Mental health problems can cause problems with your work, social, and home life. The goal is to lower your chances of:
Having conflicts with people in your life
Doing poorly at work
Substance or alcohol use
If left untreated, mental health problems can lead to suicide.
Psychotherapy can also be helpful for life changes such as:
Dealing with the loss of a loved one
Coping with a serious illness or traumatic event
By working with your therapist, you will gain insight and coping skills.
During therapy sessions, you may feel upset or uncomfortable. This is because you will be facing difficult feelings and events. If you have a phobia, you may be slowly exposed to this fear. This can cause worry.
It may take some time before you find someone who you are comfortable with. It's common to have to try more than one. Seek out other people to give you references.
What to Expect
Prior to Therapy
When you find a therapist, check their background and credentials. Make sure you’re covered by your health plan. If you don't have it, check your state's website. You can find information on services that are available to you. Coverage in some companies may be different for mental health.
Before you go:
Make a list of questions you would like to ask such as:
What approach they use and how successful it might be
How long the sessions will be and how many you will need
What your goals should be
Think about what you would like to talk about
Description of Therapy
During the first session, you will be asked questions. These will ask about your background, family, mental health, and problems you’re having. It may take many sessions to find the best way to treat you.
You will be asked about your thoughts and feelings. You will talk about how you react when things happen to you. At first, you may not want to talk so much about yourself. Over time, you will see the benefits.
During your session, you may feel emotional. This is normal. After the session, you may feel tired.
What you talk about is private. There are only a few cases where the therapist must share information with the police such as:
You are going to harm yourself or someone else
You harmed another person such as a child, an elder adult, or someone with a disability
Psychotherapy can also be for you and:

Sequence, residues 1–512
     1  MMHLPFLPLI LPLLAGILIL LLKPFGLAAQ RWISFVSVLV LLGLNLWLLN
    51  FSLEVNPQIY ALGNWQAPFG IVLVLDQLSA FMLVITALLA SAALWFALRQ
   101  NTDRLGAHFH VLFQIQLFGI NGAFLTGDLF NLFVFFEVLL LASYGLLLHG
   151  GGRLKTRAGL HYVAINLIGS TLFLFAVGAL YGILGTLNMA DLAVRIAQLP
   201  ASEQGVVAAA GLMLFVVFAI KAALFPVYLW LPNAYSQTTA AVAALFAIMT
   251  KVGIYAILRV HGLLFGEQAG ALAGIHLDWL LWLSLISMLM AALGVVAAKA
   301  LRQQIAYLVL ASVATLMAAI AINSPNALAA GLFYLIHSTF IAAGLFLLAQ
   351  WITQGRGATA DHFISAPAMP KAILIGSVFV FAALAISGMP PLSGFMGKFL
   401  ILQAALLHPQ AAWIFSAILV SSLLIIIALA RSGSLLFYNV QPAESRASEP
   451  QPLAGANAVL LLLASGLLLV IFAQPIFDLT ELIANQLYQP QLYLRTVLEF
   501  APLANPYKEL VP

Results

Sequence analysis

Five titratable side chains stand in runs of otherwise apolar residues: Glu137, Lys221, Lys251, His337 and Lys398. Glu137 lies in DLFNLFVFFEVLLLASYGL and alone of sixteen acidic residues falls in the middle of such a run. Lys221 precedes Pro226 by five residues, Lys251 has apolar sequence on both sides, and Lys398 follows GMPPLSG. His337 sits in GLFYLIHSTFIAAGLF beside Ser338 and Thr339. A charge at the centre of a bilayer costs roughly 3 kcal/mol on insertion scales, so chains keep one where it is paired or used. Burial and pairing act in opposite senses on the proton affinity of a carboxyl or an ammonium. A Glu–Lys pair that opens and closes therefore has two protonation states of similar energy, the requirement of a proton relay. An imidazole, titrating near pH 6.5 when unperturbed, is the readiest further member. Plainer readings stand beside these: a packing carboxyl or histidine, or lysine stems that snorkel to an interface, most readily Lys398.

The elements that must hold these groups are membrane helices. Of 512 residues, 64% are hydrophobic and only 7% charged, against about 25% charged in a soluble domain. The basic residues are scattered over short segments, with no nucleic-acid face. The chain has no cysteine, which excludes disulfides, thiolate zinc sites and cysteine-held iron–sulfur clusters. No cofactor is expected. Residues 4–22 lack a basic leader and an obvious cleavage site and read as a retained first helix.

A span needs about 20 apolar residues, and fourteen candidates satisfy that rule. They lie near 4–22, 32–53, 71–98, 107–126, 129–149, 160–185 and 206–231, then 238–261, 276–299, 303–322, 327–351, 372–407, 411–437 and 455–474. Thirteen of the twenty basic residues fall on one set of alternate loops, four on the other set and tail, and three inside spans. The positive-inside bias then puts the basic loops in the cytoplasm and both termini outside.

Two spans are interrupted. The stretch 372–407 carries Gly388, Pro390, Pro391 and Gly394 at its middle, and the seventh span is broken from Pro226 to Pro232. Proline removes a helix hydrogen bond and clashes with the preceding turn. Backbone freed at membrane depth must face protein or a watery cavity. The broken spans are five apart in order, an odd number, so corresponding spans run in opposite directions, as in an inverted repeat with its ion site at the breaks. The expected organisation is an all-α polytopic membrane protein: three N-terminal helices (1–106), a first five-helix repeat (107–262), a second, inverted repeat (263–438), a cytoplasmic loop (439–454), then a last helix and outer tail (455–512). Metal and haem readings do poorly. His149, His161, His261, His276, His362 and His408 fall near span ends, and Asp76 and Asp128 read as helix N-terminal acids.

A spouse or partner
How Long Will It Take?
You may have one session a week for about an hour. The number of sessions depends on the reason you're there. Short-term therapy may take a month. In some cases, you may need to go for a year or longer.
It takes time and hard work before you start to feel better. Results differ for each person. But, most will see good changes after a few sessions.
You will have homework. This is a way for you to work on the skills that you learned during the sessions.
Call Your Therapist
If the thoughts, feelings, or other problems that led you to seek therapy are coming back or getting worse. If you have thoughts of hurting yourself or others, call your therapist or emergency medical services right away.
Finding a therapist who can help you heal. Help Guide website. Available at: https://www.helpguide.org/articles/mental-health/finding-a-therapist-who-can-help-you-heal.htm. Updated April 2018. Accessed September 4, 2018.
Individual therapy (psychotherapy). Good Therapy website. Available at: https://www.goodtherapy.org/learn-about-therapy/modes/individual-therapy. Updated February 13, 2018. Accessed September 4, 2018.
Psychotherapy. Mayo Clinic website. Available at: https://www.mayoclinic.org/tests-procedures/psychotherapy/about/pac-20384616. Updated March 17, 2016. Accessed September 4, 2018.
Psychotherapy for children and adolescents: Definition. American Academy of Child & Adolescent Psychiatry website. Available at: https://www.aacap.org/AACAP/Families_and_Youth/Facts_for_Families/FFF-Guide/What-Is-Psychotherapy-For-Children-And-Adolescents-053.aspx. Updated February 2017. Accessed September 4, 2018.
Last reviewed May 2018 by
EBSCO Medical Review Board
Adrian Preda, MD
Last Updated: 9/4/2018
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